The police can curtail the ability of anyone charged under these provisions to mount a proper defence or unravel the truth, by pleading that disclosure of details of the covert police operation would prejudice the investigation, prevention or prosecution of a terrorist act or suspected terrorist act. On this pretext, the police can refuse to produce documents, give evidence, answer interrogatories or provide particulars.
The legislation also amends the Freedom of Information Act to exempt any document from disclosure if the police commissioner or a government department head decides that the document’s release could damage the state’s security, defence or international relations.
The Labor and Liberal parties joined together to override sharp warnings by civil liberties groups. Victorian Privacy Commissioner Paul Chadwick declared: “The new powers are severe. The freedoms they erode are precious. It is difficult to imagine a more serious adverse effect being carried out under law.”
Chadwick described the covert warrant system as “secret policing under law.” He proposed that a Public Interest Monitor be appointed to advise judges on whether a warrant should be denied on public interest grounds. Even this extremely limited safeguard proved too extreme for the Victorian parliament.
Liberty Victoria pointed out that police could potentially plant explosives on the premises of an unsuspecting person. The group pleaded for covert searches to be videotaped, but the government rejected the proposal.
Liberty Victoria President Greg Conellan noted the possibility of governments bugging political opponents, saying the legislation would give them “the power to legally do what (former US president) Richard Nixon did illegally. The potential for abuse is enormous.”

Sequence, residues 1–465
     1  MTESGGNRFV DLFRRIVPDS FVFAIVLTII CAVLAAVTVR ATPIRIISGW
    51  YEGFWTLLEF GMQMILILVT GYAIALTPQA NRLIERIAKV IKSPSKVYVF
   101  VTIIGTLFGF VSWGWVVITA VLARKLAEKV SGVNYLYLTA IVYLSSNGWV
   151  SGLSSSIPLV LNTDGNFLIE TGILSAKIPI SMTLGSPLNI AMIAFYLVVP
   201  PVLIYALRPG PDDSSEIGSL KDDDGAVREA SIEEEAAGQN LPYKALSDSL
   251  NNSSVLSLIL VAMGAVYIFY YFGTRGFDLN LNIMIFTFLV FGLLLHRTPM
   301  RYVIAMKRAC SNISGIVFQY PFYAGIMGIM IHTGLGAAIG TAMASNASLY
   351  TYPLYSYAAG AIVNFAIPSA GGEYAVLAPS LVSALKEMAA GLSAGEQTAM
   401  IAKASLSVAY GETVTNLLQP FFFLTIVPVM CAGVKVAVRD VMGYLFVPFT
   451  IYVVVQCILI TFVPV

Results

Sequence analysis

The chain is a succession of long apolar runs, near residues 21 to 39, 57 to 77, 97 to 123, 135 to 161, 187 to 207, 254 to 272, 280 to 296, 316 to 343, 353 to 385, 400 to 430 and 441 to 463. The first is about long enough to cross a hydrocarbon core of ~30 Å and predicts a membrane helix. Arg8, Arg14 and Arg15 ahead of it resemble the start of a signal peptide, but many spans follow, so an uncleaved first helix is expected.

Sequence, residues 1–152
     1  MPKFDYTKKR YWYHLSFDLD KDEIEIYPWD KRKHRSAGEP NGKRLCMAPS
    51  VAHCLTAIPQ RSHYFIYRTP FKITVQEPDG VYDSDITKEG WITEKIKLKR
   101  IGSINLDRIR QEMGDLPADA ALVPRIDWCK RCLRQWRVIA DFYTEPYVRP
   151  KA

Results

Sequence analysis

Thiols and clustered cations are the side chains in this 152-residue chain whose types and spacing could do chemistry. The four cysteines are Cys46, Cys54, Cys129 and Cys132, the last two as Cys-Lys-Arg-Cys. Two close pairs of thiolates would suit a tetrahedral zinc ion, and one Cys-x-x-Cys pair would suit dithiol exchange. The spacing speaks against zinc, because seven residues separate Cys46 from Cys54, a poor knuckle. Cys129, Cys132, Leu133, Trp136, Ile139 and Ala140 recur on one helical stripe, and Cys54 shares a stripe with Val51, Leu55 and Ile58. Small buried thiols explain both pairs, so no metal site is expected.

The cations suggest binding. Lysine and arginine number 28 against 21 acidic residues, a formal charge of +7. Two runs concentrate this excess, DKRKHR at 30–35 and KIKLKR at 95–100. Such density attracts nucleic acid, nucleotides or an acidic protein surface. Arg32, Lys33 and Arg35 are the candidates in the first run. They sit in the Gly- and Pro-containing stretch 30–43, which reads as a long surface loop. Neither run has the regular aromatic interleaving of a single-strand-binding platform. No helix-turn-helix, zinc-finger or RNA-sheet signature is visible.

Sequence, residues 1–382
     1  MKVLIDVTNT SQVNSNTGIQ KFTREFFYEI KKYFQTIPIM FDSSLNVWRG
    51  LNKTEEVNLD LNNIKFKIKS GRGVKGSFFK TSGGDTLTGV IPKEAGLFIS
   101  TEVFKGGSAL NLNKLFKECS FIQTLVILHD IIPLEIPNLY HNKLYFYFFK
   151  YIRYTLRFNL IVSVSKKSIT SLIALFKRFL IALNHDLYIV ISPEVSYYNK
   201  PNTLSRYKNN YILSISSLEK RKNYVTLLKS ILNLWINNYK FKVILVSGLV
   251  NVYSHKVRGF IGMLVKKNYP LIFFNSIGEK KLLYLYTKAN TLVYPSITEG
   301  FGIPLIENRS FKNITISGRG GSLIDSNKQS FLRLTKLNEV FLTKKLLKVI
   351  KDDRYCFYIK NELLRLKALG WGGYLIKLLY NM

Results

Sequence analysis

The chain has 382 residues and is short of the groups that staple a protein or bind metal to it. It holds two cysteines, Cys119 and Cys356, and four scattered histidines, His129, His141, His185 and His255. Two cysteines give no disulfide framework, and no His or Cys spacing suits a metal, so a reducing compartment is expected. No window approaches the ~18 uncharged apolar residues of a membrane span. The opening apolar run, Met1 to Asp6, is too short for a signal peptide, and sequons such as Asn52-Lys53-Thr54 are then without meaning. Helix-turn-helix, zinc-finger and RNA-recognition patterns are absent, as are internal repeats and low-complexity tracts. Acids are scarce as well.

In October 1997, the Age newspaper revealed that the Victorian police Special Branch had illegally monitored and maintained files on political activists and organisations, and infiltrated political and community groups. The previous Cain Labor government claimed to have disbanded the Special Branch in 1983, but simply replaced it with the Operation Intelligence Unit.
Since renamed the Security Intelligence Group (SIG), it continues to carry out political surveillance, including of Islamic associations, radical parties, refugee action groups and animal liberation organisations.
The new laws strengthen the hand of the SIG and the entire police force to spy on political opponents of the government, operate as agents provocateurs and carry out entrapment exercises. The federal police and the Australian Security Intelligence Organisation (ASIO) will be able to work closely with their Victorian counterparts in using these anti-terrorism laws to conduct political raids and exploit ASIO’s new powers to detain people for interrogation without trial.
At the same time as legislating the Terrorism (Community Protection) Act, the Victorian state parliament passed the Terrorism (Commonwealth Powers) Act, handing over the state’s anti-terrorism powers to the Howard government. The country’s eight state and territory administrations, all controlled by the Labor Party, have agreed to refer these powers to Canberra in order to strengthen the security apparatus and ensure that the Howard government’s legislation, which marks an unprecedented attack on democratic rights, is not ruled unconstitutional.